2
$\begingroup$

This is related to a problem that I posed about a year ago. I was given several references by a number of experts who were kind enough to entertain my rather arcane question. Those references were helpful in that they answered my question using modern methods, but my quest to re-derive the solution using only the methods available to relativists in the 1970’s resulted in a dead end. Basically, I wanted to know why a certain gluing procedure, put forth by Robert Wald in his book General Relativity, but which was originated by Yvonne Choquet-Bruhat and James W. York, Jr. in their paper The Cauchy Problem (published in the book General Relativity and Gravitation - One Hundred Years After the Birth of Albert Einstein. Volume 1) produces a Hausdorff space-time.

The theorem that I am interested in is the following, taken from the Bruhat-York paper mentioned above.

Theorem. Every initial data set $ (\Sigma,\gamma,K) $, where $ \gamma \in {H^{\text{loc}}_{s}}(\Sigma) $ and $ K \in {H^{\text{loc}}_{s - 1}}(\Sigma) $, admits a vacuum development $ (V,g) $, where $ g \in {H^{\text{loc}}_{s}}(V) $.

Note: A tensor field on a manifold $ V $ is said to be in $ {H^{\text{loc}}_{s}}(V) $ if its norm is square-integrable, together with its generalized derivatives of order $ \leq s $ on every compact subset of $ V $.

The proof by the two authors is as follows.

Proof: Let $ (\Sigma_{a},\varphi_{a}) $ and $ (\Sigma_{b},\varphi_{b}) $ be two coordinate patches on $ \Sigma $ compatible with its smooth structure, where $ \varphi_{a}: \Sigma_{a} \to \mathbb{R}^{3} $ and $ \varphi_{b}: \Sigma_{b} \to \mathbb{R}^{3} $. Let $ (U_{a},g_{a}) $ and $ (U_{b},g_{b}) $ be $ {H^{\text{loc}}_{s}} $-vacuum developments of $ (\Sigma_{a},\gamma,K) $ and $ (\Sigma_{b},\gamma,K) $ respectively. By local uniqueness, there exists, if $ U_{a} $ and $ U_{b} $ are conveniently reduced, an admissible isometry $ \psi_{ab} $ between the largest development $ u_{ab} \subseteq U_{a} $ of $ {\varphi_{a}}[\Sigma_{a} \cap \Sigma_{b}] $ with the metric $ g_{a} $, and $ u_{ba} \subseteq U_{b} $ of $ {\varphi_{b}}[\Sigma_{a} \cap \Sigma_{b}] $ with the metric $ g_{b} $. We consider now the quotient of $ (U,g) $, the disjoint union of the $ (U_{a},g_{a}) $’s, by the equivalence relation $ x_{a} \sim x_{b} $ if $ x_{a} \in u_{ab} $ and $ x_{b} = {\psi_{ab}}(x_{a}) $. One can show that $ U $ is a smooth manifold$ ^{\dagger} $ and that $ (U,g) $ is a vacuum development of $ (\Sigma,\gamma,K) $. $ \quad \blacksquare $

$ ^{\dagger} $ A smooth identification between open sets $ U_{1} $ and $ U_{2} $ of two smooth manifolds $ V_{1} $ and $ V_{2} $ respectively leads to a (Hausdorff) smooth manifold if no $ x_{1} \in \partial U_{1} $ is an accumulation of points whose images in $ V_{2} $ also have an accumulation point $ x_{2} \in \partial U_{2} $.

I understand the importance of $ ^{\dagger} $, but I am utterly unable to prove that in the proof above, no $ x_{a} \in \partial u_{ab} $ is an accumulation of points whose images in $ U_{b} $ also have an accumulation point $ x_{b} \in \partial u_{ba} $. I also have no idea why, in the proof, there is a need to conveniently reduce $ U_{a} $ and $ U_{b} $.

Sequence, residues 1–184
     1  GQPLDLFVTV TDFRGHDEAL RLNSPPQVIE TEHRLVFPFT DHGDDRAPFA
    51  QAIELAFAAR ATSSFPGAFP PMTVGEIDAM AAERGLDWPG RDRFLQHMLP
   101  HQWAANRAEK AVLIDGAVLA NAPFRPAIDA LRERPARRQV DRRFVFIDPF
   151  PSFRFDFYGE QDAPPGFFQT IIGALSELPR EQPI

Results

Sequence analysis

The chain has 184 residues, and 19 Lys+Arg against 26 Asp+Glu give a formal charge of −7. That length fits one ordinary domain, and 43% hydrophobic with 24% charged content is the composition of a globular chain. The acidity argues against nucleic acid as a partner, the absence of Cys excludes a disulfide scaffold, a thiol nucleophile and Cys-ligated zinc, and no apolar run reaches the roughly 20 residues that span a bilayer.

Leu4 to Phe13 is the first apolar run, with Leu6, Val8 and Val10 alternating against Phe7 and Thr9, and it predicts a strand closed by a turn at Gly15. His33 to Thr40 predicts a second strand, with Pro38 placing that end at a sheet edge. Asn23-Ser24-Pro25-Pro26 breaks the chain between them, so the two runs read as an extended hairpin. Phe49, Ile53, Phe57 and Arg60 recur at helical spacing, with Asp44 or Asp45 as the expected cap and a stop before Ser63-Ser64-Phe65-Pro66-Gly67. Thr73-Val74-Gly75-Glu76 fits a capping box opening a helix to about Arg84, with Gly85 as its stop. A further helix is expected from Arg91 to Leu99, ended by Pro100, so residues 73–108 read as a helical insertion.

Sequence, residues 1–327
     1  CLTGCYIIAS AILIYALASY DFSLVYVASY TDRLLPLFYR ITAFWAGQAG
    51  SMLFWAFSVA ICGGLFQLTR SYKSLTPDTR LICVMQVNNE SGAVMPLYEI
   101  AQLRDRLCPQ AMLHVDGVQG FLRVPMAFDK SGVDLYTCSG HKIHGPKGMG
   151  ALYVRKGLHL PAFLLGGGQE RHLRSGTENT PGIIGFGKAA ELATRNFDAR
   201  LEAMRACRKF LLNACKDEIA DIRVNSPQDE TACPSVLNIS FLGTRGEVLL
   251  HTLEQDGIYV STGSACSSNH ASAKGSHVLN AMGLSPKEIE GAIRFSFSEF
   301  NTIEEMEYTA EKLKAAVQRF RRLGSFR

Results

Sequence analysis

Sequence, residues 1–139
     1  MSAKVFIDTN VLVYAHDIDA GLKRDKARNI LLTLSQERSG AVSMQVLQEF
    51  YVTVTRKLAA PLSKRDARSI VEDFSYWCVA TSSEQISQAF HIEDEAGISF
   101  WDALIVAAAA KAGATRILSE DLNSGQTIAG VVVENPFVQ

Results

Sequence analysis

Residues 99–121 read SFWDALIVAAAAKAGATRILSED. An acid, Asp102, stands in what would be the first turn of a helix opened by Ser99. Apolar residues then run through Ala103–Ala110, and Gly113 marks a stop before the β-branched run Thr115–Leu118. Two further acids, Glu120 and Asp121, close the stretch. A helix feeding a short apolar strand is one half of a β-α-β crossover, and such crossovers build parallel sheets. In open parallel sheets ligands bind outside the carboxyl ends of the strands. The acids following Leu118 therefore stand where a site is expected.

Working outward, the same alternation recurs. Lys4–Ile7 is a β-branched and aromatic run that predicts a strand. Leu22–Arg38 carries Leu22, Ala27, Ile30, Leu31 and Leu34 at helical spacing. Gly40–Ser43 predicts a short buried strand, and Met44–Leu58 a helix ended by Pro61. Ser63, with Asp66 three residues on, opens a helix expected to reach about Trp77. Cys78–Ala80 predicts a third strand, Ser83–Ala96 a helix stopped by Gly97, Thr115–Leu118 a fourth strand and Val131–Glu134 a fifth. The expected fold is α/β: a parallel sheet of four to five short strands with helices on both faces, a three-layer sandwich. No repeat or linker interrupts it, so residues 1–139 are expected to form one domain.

I am starting to believe that the proof is woefully incomplete or even wrong, so I would appreciate it if someone could offer any suggestions. Thank you!

$\endgroup$
  • $\begingroup$ This might be naive, but this is what I'd do (and after reading the linked question it's what I think Willie suggested)... Restrict the initial data for the local developments in such a way that the resulting "restricted isometries" domain, e.g. $v_{ab}$, is such that $\overline{v_{ab}}\subset u_{ab}$ and the "restricted isometry" is the restriction of $\psi$ to $v_{ab}$. This should all be doable using the uniqueness properties of the local developments. In this case you get the needed condition for Hausdorffness because of the existence of an extension for the "restricted isometry". $\endgroup$ – Ben Whale Aug 10 '14 at 14:47
  • $\begingroup$ Also it's something that Ward would certainly have thought of. (My comment above went over the word limit). $\endgroup$ – Ben Whale Aug 10 '14 at 14:47
  • $\begingroup$ @BenWhale: Hi Ben. I don’t quite understand your comment on restricted isometries. Could you explain why the Hausdorff property is obtained? $\endgroup$ – Leonard Aug 31 '14 at 1:44
  • 2
    $\begingroup$ Hausdorff is actually the hardest part of the proof, in some sense. You may be interested in Jan Sbierski's preprint where in section 3.2 he proves the Hausdorff-ness using a line of argument not too far removed from the one you are thinking about. I am inclined to agree that the original papers may be incomplete when it comes to this point. // Edit Ah: I see I have already recommended this paper to you before. Sorry for the noise. $\endgroup$ – Willie Wong Oct 8 '14 at 12:03
  • 1
    $\begingroup$ @WillieWong: No problem! You’ve been most helpful in my endeavor. I only wanted to receive some expert opinion as to the completeness of the original proofs. Hans Ringström has told me personally that he thinks there are problems with removing non-Hausdorff pairs of points. One problem is that removing such points might split an inextendible causal curve into two parts so that one part of the curve no longer intersects the intended Cauchy hyper-surface. $\endgroup$ – Leonard Oct 9 '14 at 3:58

Your Answer

By clicking "Post Your Answer", you agree to our terms of service, privacy policy and cookie policy

Browse other questions tagged or ask your own question.